The narrative voice in To Kill A Mockingbird is relatively unique when it comes to narratives addressing racial relations during the Jim Crow era. Scout, the narrator, is a young white girl whose father encourages independent thought beyond the ideological restrictions of her culture.
The Jim Crow South was characterized by a white culture that firmly believed that it was superior to the black culture within the same community. They justified their position through a number of means, including biological, religious, and sociopolitical. Atticus, the narrator's father, does not necessarily believe in the opinions of his culture just because they are the majority opinion. This practice is instilled in his curious daughter, the narrator.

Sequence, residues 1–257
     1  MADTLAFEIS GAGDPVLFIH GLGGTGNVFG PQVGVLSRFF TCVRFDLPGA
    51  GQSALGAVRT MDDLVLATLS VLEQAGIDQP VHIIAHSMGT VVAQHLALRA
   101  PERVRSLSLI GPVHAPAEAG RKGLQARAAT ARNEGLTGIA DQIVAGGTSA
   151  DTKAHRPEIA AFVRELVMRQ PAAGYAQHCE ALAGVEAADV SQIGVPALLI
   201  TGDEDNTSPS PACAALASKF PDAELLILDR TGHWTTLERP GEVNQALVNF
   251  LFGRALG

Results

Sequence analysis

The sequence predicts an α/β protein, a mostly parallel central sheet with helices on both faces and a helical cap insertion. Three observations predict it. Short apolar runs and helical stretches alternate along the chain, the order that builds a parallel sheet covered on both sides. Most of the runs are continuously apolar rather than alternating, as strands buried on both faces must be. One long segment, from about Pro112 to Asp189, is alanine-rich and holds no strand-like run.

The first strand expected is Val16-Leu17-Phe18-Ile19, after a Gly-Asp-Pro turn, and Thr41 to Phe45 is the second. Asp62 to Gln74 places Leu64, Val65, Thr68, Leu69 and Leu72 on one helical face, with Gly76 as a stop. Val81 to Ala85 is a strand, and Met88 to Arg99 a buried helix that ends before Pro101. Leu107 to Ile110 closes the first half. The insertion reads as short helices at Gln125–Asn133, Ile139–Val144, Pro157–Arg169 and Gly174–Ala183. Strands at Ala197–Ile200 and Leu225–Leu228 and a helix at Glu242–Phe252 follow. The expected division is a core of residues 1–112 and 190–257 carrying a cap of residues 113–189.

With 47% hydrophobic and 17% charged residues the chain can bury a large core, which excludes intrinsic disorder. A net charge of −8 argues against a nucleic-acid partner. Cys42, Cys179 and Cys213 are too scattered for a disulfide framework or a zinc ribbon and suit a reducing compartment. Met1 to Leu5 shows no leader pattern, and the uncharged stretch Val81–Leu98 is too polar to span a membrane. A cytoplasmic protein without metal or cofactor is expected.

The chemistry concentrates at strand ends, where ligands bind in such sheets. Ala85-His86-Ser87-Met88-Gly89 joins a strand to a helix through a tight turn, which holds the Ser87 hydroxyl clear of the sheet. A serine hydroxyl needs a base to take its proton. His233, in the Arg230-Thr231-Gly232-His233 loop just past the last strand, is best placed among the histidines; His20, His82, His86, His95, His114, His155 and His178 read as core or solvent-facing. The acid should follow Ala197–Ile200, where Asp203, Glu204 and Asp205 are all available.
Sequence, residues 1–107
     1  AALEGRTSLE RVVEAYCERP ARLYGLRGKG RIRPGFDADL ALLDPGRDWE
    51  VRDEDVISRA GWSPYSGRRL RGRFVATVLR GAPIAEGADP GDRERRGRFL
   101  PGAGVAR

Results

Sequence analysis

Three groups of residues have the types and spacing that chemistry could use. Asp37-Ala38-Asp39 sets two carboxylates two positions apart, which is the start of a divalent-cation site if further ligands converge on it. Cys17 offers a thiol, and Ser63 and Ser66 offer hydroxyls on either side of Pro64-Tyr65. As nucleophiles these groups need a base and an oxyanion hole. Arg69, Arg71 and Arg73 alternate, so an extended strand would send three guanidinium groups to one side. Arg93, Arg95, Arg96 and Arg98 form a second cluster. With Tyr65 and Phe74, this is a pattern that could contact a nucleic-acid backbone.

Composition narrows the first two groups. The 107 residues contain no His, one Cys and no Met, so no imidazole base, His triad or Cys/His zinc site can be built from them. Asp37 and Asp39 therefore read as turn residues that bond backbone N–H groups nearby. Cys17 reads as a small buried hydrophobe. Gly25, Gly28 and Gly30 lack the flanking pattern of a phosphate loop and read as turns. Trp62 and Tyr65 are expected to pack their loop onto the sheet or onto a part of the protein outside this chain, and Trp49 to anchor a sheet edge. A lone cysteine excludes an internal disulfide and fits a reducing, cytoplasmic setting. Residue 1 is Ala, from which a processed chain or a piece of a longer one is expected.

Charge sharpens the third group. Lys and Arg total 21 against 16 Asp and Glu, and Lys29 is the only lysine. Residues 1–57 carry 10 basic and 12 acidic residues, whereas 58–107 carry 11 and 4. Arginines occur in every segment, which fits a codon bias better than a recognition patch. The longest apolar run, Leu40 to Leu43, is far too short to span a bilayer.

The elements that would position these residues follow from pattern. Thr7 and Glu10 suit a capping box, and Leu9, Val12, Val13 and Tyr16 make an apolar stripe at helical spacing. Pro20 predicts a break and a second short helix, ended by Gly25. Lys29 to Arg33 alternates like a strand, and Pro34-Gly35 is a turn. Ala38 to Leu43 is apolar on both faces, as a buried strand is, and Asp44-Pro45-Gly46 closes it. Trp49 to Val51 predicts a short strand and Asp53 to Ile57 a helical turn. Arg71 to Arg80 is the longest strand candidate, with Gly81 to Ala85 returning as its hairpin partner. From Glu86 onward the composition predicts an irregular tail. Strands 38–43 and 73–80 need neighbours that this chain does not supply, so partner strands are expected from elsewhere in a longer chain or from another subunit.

Having such a voice form the narrative allows the reader to be more critical of many of the characters within the novel. It also removes some of the potential alienation and discomfort many readers experience when reading novels set in this era.
Scout being a child has its advantages and its disadvantages. Her openness and curiosity inform the reader with a seemingly less biased perspective on the people and events around her. On the other hand, Scout's perspective on her father and his beliefs is somewhat biased by the childlike idolatry of a parent. As a result, she unquestioningly believes in his decisions and answers to her many questions. A critical reader may well ask why, for a man who places such trust in the justice system and in things being "put right", he never reveals Boo Radley's crime.